Last week, Hubby and I took Aspie daughter to the local joke shop to visit the Halloween display there. It is gruesome, bloody and foul and my daughter loves it. She bought a few wonderful items such as a skeletal, headless creature to hang from her ceiling and some kind of mist-making equipment.
She loves Halloween and really misses being in America at this time of year. Growing up there she, like her brothers, had a very different Halloween experience compared to mine.
We just didn’t ‘do’ Halloween. Did anybody then, back in Britain’s 60s and 70s? I don’t believe so. Our house in Suffolk was in the middle of nowhere and it was spooky enough at the best of times. I can remember lying in bed at night, alone in my huge room with the moon beaming its ghostly light through the leaded light windows and being terrified of a hellish wailing echoing out from the surrounding woodland. In my childish imaginings I became convinced that it was a ghost calling out from the wilds of the dark woods in the dead of night and I was petrified.
I later learned that it was the call of a vixen fox (and I love red foxes) but that’s not the point. Listen here and you will feel my pain:
There are only three things that I remember which were remotely ‘Halloweenish’ from my younger days:
- One Halloween night, we carved out swedes, put tealights in them and dared ourselves to walk around our old farmhouse, surrounded as it was by nothing but open fields and a dark wood beyond; one scream of that
ghostfox and I was back inside quicker than you could say ‘pumpkin';
- As a Girl Guide (believe it or not but not for long) we once did apple bobbing. Our Brown Owl dressed up as a witch, which I thought at the time was strange as I did have my suspicions about her even before that. (I left Girl Guides shortly afterwards); and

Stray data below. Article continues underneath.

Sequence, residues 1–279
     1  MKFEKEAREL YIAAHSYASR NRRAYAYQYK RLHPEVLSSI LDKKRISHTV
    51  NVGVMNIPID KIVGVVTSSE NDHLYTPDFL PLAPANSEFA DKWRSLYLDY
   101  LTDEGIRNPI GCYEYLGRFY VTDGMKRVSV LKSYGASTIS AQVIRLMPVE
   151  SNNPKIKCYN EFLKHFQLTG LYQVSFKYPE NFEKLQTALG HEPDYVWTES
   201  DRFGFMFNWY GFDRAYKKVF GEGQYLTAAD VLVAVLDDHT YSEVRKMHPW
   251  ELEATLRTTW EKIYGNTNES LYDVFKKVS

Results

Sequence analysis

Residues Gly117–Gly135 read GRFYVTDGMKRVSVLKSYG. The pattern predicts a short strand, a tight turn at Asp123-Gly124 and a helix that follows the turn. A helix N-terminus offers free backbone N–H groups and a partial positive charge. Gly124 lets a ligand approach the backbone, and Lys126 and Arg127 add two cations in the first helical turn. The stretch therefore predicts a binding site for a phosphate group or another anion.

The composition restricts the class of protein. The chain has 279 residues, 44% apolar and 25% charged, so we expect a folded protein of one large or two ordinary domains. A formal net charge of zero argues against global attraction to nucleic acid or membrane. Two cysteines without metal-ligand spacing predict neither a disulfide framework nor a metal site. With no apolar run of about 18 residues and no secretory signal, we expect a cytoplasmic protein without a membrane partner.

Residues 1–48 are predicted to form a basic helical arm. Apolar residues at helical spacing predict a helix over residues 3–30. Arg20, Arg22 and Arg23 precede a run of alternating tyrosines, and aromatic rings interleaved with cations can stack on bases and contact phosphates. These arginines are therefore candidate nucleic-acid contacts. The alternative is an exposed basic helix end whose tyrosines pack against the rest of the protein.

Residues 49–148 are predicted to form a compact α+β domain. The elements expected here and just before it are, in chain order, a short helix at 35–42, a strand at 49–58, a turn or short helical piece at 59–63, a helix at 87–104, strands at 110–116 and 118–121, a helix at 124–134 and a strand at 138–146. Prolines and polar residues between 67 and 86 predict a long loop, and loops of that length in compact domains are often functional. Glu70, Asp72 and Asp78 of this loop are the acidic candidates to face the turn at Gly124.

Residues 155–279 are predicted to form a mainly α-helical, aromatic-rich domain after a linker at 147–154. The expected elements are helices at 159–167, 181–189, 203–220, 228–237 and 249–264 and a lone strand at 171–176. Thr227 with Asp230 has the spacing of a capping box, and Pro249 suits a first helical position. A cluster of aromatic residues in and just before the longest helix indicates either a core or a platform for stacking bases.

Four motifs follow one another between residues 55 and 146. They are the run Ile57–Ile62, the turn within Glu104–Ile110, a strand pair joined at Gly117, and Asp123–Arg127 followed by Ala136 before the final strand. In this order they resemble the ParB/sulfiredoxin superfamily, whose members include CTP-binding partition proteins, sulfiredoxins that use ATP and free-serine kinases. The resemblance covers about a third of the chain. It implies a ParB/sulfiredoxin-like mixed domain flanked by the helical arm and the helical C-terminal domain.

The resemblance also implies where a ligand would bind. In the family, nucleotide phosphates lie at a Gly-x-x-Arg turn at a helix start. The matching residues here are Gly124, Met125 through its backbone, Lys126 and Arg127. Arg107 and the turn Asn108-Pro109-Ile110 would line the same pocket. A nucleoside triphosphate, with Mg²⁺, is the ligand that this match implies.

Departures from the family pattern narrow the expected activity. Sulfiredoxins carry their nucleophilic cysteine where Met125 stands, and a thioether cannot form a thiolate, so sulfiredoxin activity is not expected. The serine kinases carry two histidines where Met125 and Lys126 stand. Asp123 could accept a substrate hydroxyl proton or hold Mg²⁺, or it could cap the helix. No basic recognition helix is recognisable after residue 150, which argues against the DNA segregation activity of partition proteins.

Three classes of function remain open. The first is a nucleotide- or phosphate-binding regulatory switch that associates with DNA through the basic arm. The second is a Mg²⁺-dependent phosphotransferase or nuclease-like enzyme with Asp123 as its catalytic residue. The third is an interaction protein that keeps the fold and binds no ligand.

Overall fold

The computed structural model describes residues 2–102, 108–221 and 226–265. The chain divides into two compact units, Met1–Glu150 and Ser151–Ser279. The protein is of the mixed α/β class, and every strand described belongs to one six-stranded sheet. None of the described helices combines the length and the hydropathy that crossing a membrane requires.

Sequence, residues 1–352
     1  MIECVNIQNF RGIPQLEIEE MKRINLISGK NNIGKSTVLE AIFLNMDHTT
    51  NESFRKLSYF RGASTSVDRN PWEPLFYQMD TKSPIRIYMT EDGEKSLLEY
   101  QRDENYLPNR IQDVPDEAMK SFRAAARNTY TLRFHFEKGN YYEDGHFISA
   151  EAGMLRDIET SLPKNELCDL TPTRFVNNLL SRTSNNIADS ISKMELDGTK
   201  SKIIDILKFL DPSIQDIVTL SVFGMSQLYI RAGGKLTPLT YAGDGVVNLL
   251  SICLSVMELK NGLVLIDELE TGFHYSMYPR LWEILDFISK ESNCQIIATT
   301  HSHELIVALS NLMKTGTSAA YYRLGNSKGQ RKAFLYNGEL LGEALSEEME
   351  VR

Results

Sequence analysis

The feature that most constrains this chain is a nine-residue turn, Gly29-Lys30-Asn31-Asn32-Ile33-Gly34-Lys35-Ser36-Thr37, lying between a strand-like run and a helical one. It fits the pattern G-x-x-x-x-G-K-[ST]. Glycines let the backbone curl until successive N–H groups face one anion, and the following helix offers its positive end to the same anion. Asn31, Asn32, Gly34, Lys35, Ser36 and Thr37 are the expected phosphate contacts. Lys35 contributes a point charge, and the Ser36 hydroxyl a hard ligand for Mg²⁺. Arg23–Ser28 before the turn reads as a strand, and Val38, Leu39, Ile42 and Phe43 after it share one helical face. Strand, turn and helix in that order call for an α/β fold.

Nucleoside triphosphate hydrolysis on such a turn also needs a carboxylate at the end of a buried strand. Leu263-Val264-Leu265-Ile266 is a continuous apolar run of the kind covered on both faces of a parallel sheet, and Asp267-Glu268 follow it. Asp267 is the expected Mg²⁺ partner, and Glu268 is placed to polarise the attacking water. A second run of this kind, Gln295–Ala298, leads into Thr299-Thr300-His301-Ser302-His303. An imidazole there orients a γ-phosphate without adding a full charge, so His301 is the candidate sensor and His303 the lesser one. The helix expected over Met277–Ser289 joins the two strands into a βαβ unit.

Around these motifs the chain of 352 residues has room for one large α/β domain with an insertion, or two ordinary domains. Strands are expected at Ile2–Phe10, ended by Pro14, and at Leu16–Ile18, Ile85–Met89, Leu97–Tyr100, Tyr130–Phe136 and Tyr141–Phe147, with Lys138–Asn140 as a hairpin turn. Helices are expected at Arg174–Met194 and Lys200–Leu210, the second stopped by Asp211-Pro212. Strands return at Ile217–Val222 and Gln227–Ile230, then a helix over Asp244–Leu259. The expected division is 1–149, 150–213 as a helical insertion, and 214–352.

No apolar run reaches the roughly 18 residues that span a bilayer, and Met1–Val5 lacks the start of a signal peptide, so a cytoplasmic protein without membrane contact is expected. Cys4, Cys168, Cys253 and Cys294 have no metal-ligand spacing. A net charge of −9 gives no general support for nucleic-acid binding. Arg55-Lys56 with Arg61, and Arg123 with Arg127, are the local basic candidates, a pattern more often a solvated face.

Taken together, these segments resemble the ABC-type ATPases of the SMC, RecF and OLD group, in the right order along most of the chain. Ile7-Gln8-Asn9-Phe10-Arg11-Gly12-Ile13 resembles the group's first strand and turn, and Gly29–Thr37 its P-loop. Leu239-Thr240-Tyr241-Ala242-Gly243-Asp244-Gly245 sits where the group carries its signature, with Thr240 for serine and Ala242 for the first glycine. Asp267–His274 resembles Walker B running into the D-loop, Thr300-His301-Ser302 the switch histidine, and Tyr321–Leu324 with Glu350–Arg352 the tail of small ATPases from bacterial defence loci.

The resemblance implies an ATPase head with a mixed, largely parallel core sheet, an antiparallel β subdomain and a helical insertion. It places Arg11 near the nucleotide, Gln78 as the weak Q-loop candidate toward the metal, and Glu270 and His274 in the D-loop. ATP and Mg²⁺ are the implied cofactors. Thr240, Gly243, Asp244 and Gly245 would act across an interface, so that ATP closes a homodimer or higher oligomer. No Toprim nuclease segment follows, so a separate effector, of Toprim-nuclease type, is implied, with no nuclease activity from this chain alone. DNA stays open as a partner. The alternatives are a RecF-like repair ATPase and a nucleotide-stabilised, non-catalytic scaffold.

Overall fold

- I was obsessed with an audio (cassette tape) book I owned called ‘Gobbolino The Witch’s Cat’ which told the story put to music. I used to recite it word perfectly and dance around to it for hours. I know, I was a very strange child…
My first real experience of Halloween was as a 19-year-old when I first visited Los Angeles in 1979 and watched the classic Michael Myers ‘Halloween’ film for the first time. Now I loved all the Hammer House of Horror films with Vincent Price, having grown up with these classics but I had never seen anything like this, although never mind the slasher bits.
What really fascinated me was watching Jamie Lee Curtis carving the pumpkin with the young children she was babysitting and then, as the night drew in, watching all the kids coming of their homes, dressed up in their Halloween costumes and running from door to door ‘Trick or Treating‘. My American friends just couldn’t get over the fact that I had never heard of ‘Trick or Treating’ and that I had no idea what it was.
“What, you’ve never heard of Trick or Treating? Don’t they do it in England?”
“Er, no, why else would I be asking?”
When my little boy was just four years old, he experienced his first Halloween, American style. Waiting in line to pay for our groceries, the kindly checkout lady looked down at my son standing next to me and asked the dreaded question:
“And what are you going to be for Halloween?”
We hadn’t long been in America and I thought my son too young to even give it a thought. However, he must have had other ideas because, without missing a beat he replied,
“An imp! I am going to be an imp!”
To this day I have no idea where that came from, neither does my son! The checkout girl didn’t understand him either, and kept asking ‘what exactly was an imp?’ So I ended up trying to explain that it was like a goblin, but smaller, and very mischievous. I think. He must have got the idea from a story I had read to him. (I was reminded never to get that book from the library again).
Thankfully he forgot about the imp idea.